Apache mod_rewrite? Pah! Rewriting URLs without using mod_rewrite

Written by Richard, on 23rd June 2021

If there's anything that strikes fear into many-a-developers heart and turns it to stone, it's having to face the prospect of writing mod_rewrite Apache directives. Actually, it may just be me, but I really don't like it.

So why do it at all? I've just converted the RGraph website to use a different way of doing things that is far more straightforward and easier to handle, particularly if you're comfortable with a server-side scripting language like PHP.

I've been using PHP now for over 20 years and whilst I'm not fully au-fait on recent versions or additions to the language (the last version I used as a fully-paid-up server-side developer was around the version 5.2 era) I'm still very confident with it when you compare it with something like, say, Apache configuration. Particularly my hosting company's version of it which I'm adamant is not a standard implementation.

So imagine my sheer delight when I had the random thought (which I presume others might have had long, long ago) of handling rewrites with PHP. Oh, how wonderful that would be. So that's what I've done with the RGraph website and oh how well it works! It's so much easier to work with from day to day and has the potential to save a lot of time and heartache.

How does it work?

It's very simple to implement and involves a small snippet of Apache configuration (which is not that difficult to understand) and a PHP script (which can be as simple or as complex as you wish).

This small snippet of Apache configuration can go in a .htaccess file and, in my case, goes in the .htaccess file in each directory (I only have a small number of directories on the website). This example is from the .htaccess file which is located in the /blog directory.

RewriteEngine On
RewriteBase /blog
RewriteCond %{REQUEST_URI} !-d
RewriteCond %{REQUEST_FILENAME} !\.(png|gif|jpg|jpeg|css|js|ttf|xml|bz2|gz|tar|zip|csv)$
RewriteRule  .* _router.php [L]

Now, breaking that down, the first line turns on mod_rewrite, the second line (which may or may not be required - I'm sure that I've not used it in the past) sets the directory (this file is located in the /blog directory remember) and the third, fourth and fifth lines are the rewrite rules which send everything to the _router.php PHP script. Let's break down that rule (RewriteRule .+ _router.php [L]):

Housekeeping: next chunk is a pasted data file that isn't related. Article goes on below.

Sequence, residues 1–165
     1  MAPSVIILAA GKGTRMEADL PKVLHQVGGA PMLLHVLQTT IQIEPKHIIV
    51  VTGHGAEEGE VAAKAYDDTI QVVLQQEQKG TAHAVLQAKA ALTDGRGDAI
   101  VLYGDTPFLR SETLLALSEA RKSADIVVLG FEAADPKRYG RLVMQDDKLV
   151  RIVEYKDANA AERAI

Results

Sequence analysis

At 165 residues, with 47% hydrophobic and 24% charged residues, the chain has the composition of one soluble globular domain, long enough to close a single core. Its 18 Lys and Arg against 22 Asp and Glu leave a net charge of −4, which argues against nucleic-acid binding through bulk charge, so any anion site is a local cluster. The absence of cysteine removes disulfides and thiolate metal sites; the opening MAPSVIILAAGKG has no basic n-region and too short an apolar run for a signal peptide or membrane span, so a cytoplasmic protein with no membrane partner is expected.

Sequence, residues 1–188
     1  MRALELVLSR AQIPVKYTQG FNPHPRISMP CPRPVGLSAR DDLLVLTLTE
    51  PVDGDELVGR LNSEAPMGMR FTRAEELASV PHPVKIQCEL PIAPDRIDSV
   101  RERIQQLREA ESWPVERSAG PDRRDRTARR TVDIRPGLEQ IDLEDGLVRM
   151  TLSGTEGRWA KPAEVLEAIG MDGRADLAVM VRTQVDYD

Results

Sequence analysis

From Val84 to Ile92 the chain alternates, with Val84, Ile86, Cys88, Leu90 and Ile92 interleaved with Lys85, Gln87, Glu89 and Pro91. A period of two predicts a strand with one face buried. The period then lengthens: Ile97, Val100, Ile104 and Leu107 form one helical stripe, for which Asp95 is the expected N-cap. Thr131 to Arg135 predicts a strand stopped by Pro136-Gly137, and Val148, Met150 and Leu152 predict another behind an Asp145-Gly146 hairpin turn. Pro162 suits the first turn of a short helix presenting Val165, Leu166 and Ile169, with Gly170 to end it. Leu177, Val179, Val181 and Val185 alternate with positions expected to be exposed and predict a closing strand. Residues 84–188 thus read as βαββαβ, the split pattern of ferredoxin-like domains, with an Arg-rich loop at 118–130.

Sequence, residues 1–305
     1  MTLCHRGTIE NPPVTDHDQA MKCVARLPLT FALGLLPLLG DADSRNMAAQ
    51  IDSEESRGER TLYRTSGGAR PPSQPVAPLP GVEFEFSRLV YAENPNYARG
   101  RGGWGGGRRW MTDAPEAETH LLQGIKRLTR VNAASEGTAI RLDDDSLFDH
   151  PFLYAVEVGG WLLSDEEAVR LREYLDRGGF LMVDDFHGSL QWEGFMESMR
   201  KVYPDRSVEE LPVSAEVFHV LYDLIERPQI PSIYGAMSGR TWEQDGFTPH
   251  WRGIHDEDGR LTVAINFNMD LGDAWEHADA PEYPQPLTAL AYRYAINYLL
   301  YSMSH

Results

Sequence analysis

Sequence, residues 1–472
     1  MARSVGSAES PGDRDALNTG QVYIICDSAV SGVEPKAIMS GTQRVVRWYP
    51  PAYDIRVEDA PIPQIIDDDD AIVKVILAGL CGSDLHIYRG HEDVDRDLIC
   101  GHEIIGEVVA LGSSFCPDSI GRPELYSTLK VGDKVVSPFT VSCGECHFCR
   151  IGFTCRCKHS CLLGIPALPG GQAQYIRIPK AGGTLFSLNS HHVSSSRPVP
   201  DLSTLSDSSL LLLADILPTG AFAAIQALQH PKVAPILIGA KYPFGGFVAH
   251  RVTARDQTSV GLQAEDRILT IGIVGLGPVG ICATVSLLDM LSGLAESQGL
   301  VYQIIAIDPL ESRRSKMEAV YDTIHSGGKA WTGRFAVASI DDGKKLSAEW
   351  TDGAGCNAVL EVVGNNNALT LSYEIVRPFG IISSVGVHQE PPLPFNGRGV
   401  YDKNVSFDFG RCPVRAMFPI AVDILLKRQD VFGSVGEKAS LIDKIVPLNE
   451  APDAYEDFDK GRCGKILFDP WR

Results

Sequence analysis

The RewriteRule is the name of the directive, the .+ matches the filename (one or more characters in this case - so any filename) and the _router.php is the name of a PHP script (located in the /blog directory) that handles the job of looking at the request and deciding what to do with it. the [L] flag tells mod_rewrite that this is the last rule. It's not really needed in this case as there's nothing else in the .htaccess file.

So what happens then? Well, in the _router.php script, it's a simple matter of either redirecting to a different URL or, if you want to keep the URL in the navigation bar, show the correct content. So you can:

  1. Redirect by sending the relevant HTTP headers like this:
    http_response_code(301);                        // Send a permanent redirect response code
    header('Location: ' . '/some/where/else.html'); // Send the new location header
    exit;                                           // End the PHP script
    
  2. Show the relevant content. In this case, if you want to keep the URL in the address bar, you can use the require or include PHP functions to show the correct content like this:
    $file = basename($_SERVER['REQUEST_URI']);
    
    if ($file === 'authors') {
        require('authors.html');
        exit;
    }
    
    Or alternatively if the file exists on your filesystem you could just show it:
    $file = basename($_SERVER['REQUEST_URI']);
    
    if (file_exists($file) {
        require($file);
        exit;
    }
    

What happens with subdirectories?

If you have a .htaccess file and a _router.php in the /blog directory (for example) then due to the way that .htaccess files are handled by Apache, the /blog/.htaccess file will be checked even when you're requesting a file in a subdirectory.

So if you request the file /blog/foo/bar.html in your browser then the /blog/.htaccess will be checked and the /blog/_router.php file (or whatever you may have called it) will be called. In that case, the $_SERVER['REQUEST_URI'] PHP variable will contain the full address of the page, which in this example is /blog/foo/bar.html.

What if I've turned off override files?

If you've turned off override files (.htaccess is an override file) then this method provides an extra advantage. Normally, editing the server configuration files requires you to restart the server for any changes to be picked up but with this method, you wouldn't be editing the server configuration files to add a redirect/rewrite. You would add the above configuration once and then to add a new redirect/rewrite or to modify an existing one you can just change the _router.php file and the new change is effective immediately.

Performance considerations

Unless your server is experiencing meltdown levels of traffic then you're unlikely to notice any difference in performance. The extra versatility that this method brings (especially if you're comfortable with PHP) compared to having to struggle with Apache configuration and mod_rewrite directives is well worth it in my opinion.